In an interview with iTWire, ICANN CEO, Paul Twomey, said that he expects ICANN to start accepting application for the new gTLD”s by mid 2009.”
Aside from restrictions in relation to trademarks, intellectual property rights, potentially confusing names like .kom and some character strings that will cause problems for the Internet’s name servers, like .1234, Twomey said names would be allocated on a first come first served basis.
Names can be up to 64 roman characters in length, opening up the possibility of any company registering its brand as a gTLD. Twomey said he also expected generic names like .shop, and .sales to be popular, but added, “it is hard for us to know, because it has now got to the stage where people are keeping quiet about their plans.”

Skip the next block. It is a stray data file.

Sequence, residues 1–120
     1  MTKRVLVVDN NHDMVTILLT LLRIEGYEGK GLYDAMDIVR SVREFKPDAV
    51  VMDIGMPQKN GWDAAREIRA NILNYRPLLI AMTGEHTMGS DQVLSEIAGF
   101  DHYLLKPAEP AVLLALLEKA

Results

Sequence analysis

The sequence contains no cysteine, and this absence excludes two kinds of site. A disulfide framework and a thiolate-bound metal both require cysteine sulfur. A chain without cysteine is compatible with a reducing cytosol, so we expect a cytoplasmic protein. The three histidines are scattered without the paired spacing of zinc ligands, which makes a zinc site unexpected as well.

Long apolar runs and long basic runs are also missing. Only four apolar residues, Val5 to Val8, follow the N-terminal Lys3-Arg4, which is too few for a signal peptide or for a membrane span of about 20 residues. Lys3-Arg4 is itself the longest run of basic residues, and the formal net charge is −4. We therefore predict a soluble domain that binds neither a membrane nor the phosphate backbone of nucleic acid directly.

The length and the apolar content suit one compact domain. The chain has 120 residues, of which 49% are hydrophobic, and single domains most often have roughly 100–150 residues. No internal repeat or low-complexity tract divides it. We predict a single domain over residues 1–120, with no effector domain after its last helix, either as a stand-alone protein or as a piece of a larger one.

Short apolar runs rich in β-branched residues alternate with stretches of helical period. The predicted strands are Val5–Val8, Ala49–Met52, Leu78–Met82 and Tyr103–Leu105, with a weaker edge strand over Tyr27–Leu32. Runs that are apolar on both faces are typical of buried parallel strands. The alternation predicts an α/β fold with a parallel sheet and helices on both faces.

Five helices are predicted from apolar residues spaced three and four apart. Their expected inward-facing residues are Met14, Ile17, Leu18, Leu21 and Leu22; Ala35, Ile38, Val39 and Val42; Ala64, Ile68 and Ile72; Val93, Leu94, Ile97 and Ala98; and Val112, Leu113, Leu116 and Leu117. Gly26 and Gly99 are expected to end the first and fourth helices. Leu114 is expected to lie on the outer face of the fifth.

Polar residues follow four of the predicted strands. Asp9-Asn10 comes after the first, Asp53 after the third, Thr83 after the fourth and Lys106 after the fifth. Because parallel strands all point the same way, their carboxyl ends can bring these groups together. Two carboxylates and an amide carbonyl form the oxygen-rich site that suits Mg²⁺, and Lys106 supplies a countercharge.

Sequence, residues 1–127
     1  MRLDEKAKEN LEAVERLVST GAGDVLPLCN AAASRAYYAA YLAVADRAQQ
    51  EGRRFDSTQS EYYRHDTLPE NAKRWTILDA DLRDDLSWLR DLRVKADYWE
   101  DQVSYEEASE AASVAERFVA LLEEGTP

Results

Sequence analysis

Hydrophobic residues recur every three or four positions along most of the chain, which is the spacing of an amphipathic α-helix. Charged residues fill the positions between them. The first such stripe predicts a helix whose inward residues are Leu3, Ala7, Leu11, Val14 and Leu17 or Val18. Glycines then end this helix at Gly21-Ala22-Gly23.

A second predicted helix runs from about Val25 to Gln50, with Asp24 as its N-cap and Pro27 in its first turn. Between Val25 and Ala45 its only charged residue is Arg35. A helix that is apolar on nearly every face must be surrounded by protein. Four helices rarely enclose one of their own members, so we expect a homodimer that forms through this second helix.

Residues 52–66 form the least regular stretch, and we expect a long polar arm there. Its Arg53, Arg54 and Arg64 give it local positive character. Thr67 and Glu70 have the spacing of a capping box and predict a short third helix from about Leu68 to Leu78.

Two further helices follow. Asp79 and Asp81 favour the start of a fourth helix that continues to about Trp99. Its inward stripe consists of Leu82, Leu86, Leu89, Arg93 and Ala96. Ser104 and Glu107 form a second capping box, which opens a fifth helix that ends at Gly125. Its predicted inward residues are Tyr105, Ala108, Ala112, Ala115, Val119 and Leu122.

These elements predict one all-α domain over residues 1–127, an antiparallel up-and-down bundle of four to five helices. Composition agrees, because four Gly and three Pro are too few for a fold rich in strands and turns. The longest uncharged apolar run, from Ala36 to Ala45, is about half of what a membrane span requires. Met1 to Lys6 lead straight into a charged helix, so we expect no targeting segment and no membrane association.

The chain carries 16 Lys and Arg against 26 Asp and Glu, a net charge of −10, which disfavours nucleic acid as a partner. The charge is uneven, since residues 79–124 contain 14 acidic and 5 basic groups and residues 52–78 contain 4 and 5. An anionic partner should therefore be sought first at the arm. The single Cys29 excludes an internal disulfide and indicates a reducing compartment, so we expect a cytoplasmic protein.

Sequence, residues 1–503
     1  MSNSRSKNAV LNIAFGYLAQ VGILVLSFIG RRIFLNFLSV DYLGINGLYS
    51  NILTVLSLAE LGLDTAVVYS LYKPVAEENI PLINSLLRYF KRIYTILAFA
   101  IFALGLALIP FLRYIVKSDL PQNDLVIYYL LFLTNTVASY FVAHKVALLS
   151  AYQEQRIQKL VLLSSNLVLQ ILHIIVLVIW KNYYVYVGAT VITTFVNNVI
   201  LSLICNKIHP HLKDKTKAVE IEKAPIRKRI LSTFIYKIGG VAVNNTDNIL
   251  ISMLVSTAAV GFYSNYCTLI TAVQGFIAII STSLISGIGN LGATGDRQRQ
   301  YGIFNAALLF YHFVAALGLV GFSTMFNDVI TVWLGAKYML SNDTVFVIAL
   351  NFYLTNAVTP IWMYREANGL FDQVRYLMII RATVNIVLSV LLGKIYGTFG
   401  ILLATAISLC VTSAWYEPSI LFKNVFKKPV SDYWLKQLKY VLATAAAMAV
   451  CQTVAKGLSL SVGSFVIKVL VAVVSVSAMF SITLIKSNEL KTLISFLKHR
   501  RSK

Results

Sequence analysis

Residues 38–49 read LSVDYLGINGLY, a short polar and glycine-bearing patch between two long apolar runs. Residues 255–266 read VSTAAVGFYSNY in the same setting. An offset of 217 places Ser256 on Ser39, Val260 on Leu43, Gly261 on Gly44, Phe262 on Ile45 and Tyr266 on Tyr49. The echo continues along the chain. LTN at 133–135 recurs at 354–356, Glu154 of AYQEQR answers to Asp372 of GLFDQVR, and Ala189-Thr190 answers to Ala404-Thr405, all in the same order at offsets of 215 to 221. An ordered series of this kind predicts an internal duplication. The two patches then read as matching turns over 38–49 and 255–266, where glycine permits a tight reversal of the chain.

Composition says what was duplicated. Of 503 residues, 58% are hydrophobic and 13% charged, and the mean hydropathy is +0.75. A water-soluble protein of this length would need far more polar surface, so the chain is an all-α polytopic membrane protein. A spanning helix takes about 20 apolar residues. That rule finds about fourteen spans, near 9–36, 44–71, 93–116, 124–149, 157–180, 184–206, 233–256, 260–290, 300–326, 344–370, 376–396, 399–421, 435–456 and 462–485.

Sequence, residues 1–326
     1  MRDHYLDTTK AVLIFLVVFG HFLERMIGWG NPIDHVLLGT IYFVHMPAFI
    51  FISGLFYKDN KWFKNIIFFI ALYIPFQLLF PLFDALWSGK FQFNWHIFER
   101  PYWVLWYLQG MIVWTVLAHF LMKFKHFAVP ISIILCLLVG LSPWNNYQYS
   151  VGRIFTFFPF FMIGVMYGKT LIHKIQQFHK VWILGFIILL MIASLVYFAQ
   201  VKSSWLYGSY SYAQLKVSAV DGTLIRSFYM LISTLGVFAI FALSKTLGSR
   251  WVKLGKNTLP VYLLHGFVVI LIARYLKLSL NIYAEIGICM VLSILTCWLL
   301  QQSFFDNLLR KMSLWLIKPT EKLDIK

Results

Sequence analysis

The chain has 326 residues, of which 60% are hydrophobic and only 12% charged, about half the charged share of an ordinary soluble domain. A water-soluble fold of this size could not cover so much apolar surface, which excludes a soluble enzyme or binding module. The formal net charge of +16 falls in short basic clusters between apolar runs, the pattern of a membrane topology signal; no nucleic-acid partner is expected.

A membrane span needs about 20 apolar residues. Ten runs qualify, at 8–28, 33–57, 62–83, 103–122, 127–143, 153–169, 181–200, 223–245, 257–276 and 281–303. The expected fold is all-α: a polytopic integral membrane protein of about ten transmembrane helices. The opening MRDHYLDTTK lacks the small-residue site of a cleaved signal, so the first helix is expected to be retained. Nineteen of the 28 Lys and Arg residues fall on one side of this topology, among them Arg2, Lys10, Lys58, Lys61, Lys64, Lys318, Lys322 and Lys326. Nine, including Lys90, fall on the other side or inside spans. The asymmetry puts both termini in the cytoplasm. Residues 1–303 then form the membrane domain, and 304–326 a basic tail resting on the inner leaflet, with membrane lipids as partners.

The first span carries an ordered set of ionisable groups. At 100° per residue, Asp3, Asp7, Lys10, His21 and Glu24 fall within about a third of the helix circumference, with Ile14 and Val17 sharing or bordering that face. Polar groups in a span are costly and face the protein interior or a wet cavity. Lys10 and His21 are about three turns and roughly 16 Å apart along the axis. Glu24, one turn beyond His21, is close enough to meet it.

Even with a price set of $185,000 per application, Twomey stressed that this was not intended to make profit for ICANN.
“We had to make sure that [applicants for the new gTLDs] were not being subsidised by existing top level registrants. So we decided the process should be cost neutral and we put a lot of work into determining what it should be.”
Twomey said he did not expect a domain name like rush for the new gTLDs.
“We are not expected tens of thousands – this is not like getting a domain name.”
Wow I had been thinking that there would be hundreds of new domain extension, but Twomey in saying he does not expect “ten’s of thousands” application, might be thinking he is going to get thousands of applications.
The unanswered question is what the effect of hundreds, maybe thousands of new extensions will have on existing domain names.